Sources in Thrissur inform that the virus has been declared almost totally controlled in Thrissur, Kottayam and Idukki. This is no mean achievement when the entire world is reeling under the pandemic.

The latest is the robot, as in China. Now ‘Nightingale-19’, designed by young innovators with the solid backing of the health department, is being used to provide food and medicines at the health centres in Ancharakandi in Kannur district. This is also a first in a ‘model’ state, where atleast 4 lakh migrant workers, designated with dignity as ‘guest workers’, have been given rations for three months, comfortable shelters and health care and counseling. In that case, there was no crisis in Kerala, when it came to the ‘guest workers’. So much so, ‘Opposition’ MPs, Mohua Mitra and Shashi Tharoor, joined in to speak to the Bengali workers directly through video, in Bengali, asking them to feel comfortable and not to worry at all.

Indeed, this can only happen in Kerala.

Flood Survivor

It Never Rains, It Pours: Flood Survivor

I usually love the rains. Sipping coffee when it is raining is very relaxing. But after this (2018) monsoon, things will never be the same again. It started in May with what seemed like a cloud-burst. Then, there were incessant bouts of downpours. Initially, the problems were limited to waterlogging, potholes etc. The first reports floods came in Kuttanad (Alleppey).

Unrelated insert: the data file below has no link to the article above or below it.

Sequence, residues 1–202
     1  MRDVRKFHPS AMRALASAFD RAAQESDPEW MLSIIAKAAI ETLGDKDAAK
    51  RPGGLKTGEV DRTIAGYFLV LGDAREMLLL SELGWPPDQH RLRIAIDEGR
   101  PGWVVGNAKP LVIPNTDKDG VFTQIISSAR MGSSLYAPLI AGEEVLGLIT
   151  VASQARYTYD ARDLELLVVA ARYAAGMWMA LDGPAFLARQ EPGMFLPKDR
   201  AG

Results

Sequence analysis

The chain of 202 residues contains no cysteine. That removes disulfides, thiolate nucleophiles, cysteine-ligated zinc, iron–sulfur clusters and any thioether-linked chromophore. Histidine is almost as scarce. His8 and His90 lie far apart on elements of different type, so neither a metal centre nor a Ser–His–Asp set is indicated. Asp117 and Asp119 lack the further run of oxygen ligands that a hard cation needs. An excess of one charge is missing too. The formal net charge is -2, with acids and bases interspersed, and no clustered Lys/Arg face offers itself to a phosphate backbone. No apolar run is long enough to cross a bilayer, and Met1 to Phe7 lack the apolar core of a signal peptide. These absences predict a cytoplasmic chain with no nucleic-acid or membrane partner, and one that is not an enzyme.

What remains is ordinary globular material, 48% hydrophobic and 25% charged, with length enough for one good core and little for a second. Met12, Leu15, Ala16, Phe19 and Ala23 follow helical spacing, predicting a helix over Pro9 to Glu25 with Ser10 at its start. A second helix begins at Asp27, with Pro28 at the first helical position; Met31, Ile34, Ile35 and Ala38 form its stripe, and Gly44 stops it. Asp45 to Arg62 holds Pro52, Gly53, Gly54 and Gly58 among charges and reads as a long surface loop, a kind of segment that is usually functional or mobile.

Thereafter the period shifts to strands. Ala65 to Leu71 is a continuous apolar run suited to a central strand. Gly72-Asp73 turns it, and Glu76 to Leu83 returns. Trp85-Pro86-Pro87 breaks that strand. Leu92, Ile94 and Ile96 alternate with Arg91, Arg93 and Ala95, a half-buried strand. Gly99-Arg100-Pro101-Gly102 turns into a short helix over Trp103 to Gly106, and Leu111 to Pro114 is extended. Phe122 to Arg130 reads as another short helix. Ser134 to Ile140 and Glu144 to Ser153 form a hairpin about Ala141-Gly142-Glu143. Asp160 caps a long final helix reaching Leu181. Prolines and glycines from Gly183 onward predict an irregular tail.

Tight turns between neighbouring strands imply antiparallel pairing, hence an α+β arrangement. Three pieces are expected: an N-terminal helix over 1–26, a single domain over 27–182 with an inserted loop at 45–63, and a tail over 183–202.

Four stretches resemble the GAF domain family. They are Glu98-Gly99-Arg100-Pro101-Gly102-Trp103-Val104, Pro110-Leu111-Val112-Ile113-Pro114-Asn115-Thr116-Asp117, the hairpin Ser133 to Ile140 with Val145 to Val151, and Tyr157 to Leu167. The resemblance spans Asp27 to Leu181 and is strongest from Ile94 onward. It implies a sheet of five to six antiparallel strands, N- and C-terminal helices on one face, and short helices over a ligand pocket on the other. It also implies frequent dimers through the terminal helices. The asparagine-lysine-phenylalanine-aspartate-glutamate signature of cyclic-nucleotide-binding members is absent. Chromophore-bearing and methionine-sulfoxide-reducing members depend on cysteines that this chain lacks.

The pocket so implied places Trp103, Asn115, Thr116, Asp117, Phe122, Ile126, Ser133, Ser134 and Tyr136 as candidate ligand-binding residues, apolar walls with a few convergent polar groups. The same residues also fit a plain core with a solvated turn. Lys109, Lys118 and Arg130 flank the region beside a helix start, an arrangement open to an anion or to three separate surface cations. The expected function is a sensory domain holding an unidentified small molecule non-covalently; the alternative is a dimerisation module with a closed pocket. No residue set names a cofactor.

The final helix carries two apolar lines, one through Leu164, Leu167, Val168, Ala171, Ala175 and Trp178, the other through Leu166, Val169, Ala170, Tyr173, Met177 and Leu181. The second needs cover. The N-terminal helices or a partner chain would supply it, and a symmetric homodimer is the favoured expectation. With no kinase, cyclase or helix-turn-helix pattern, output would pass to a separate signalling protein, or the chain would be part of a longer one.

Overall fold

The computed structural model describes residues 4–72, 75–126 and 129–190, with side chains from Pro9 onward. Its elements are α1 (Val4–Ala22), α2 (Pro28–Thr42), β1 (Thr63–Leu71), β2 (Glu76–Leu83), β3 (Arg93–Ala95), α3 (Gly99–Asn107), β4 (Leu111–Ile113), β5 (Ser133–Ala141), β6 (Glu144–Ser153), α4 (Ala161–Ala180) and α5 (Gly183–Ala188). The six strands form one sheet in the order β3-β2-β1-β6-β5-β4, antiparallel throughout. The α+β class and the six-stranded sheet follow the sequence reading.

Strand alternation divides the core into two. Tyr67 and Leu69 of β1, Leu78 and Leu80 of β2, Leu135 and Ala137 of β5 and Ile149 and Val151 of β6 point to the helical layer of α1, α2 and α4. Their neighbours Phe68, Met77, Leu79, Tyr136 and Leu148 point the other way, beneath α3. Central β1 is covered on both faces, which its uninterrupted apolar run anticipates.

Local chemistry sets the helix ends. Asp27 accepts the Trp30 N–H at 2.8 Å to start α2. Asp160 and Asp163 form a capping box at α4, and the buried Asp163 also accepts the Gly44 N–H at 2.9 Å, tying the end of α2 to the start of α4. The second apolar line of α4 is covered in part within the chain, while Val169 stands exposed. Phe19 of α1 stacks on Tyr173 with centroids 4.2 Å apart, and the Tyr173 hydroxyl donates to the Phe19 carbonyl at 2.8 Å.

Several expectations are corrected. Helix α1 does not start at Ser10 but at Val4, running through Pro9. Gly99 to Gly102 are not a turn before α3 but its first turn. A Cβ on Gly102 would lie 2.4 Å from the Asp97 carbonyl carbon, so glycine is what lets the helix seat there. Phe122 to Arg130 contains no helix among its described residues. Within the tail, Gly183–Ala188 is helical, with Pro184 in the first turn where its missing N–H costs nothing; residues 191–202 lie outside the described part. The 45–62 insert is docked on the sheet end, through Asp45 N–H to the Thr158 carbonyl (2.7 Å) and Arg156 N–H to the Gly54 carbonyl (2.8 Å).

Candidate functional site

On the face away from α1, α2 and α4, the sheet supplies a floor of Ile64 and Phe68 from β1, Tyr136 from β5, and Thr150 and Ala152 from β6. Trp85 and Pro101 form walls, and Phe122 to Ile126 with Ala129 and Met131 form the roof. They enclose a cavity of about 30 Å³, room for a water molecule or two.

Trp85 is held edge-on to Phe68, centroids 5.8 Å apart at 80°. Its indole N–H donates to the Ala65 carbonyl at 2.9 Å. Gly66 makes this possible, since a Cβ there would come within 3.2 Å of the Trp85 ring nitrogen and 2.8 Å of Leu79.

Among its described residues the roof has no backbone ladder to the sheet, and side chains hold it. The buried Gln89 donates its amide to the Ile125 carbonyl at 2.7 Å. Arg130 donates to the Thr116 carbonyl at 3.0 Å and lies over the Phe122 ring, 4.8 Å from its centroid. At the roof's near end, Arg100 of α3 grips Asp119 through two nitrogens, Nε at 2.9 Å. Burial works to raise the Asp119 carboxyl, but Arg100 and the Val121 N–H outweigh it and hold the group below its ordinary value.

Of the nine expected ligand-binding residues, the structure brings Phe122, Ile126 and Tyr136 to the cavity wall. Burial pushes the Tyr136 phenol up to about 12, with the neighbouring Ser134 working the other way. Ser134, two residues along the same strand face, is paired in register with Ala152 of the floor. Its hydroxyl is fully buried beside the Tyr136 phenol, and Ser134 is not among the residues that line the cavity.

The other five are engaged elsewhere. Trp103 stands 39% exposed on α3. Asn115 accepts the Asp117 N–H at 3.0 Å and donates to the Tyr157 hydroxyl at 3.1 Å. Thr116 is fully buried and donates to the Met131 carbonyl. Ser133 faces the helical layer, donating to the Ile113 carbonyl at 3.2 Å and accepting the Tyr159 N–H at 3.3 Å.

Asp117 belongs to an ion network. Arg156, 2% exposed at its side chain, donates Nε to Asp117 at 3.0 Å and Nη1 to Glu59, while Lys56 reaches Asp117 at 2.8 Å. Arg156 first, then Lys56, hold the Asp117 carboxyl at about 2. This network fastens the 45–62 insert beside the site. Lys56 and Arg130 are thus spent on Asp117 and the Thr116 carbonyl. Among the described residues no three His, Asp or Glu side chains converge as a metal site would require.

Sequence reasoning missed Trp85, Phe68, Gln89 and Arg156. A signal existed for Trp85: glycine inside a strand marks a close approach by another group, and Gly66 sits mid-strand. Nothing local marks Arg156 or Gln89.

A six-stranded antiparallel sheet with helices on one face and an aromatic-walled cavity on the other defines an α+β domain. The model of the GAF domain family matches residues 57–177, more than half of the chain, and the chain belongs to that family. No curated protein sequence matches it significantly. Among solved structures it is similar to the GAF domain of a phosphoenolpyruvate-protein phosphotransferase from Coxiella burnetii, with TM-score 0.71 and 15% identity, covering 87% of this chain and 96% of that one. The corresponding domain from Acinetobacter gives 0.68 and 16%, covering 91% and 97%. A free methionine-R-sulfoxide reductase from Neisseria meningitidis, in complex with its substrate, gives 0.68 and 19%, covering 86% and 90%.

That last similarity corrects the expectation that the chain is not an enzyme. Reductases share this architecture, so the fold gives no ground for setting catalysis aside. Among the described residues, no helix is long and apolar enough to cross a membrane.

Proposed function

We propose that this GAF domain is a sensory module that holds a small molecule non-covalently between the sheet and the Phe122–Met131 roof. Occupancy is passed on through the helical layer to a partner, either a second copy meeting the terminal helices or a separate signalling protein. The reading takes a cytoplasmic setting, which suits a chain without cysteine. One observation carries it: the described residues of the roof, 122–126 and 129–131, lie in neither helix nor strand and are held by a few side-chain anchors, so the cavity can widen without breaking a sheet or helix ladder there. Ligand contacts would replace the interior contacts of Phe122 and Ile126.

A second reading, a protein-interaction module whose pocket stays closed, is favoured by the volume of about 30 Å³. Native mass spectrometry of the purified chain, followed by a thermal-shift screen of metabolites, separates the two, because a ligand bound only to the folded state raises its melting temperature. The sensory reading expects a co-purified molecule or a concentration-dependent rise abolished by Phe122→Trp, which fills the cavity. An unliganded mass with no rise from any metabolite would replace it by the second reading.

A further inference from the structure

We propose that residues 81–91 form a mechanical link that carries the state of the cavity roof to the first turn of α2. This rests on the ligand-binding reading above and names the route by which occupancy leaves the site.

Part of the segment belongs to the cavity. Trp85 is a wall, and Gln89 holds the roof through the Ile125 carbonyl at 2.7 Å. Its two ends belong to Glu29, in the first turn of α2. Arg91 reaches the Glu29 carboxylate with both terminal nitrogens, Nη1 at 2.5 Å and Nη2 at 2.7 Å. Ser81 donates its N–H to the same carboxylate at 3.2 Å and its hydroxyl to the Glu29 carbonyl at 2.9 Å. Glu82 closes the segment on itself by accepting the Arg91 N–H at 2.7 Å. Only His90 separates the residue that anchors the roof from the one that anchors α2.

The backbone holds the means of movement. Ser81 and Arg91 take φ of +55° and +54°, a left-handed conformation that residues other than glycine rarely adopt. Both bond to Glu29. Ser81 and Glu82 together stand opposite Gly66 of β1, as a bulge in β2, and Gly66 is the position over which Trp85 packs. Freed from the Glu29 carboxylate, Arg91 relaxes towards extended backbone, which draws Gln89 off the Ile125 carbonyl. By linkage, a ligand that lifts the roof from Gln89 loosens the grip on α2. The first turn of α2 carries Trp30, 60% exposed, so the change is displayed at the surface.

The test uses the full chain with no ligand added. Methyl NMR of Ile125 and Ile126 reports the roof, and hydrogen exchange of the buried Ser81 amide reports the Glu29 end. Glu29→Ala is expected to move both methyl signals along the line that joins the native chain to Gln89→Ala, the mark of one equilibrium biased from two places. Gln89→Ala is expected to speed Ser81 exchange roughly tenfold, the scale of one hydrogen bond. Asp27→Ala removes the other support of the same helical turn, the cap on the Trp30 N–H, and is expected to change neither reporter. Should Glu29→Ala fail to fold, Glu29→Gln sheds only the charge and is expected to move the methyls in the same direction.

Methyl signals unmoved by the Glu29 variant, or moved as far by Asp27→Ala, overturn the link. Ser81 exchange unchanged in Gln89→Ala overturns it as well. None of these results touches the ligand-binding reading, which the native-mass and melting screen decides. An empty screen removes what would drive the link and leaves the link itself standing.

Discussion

By August 15, when the nation celebrated Independence Day, Kerala began to witness the wrath of nature. Reports said the dams across Kerala, mainly Idukki dam on the Periyar and Shabarigiri on the Pamba, were overflowing. Yet, nobody estimated the magnitude of the calamity in store. On August 17, many districts sounded a red alert. I live in Haripad, Alappuzha, which flooded because of improper maintenance of dams in the nearby districts.

We heard that several leaders blamed the rising waters to beef-eating sinners in Kerala. I believe we reap what we sow. It was just a natural process after ecological rampage. I remembered the Bible quote: Let him who thinks he stands take heed lest he fall, no one is exempted from actions of nature. My phone had not stopped buzzing all this while.

My aunt called from the US kept advising me to “take your necessary certificates, get off and reach some safe zone”. We started rearranging and shifting our items, even packed our trolley and backpacks with the essentials in a bid to move out fast since the water level was increasing in the nearby river. That night we slept very late. At 6 am, we woke up to find the courtyard in ankle-deep water. The passersby, familiar faces, were all hurrying to safe camps.

My friends and neighbours were running away from their homes near the river, leaving behind a life’s worth of savings and memories. When I asked them where they were headed, they said they didn’t know. “Everything is gone! We are running to save our lives at least”. By the next day, I realised that things were getting worse. There were rumours that the water may rise to 3 metres.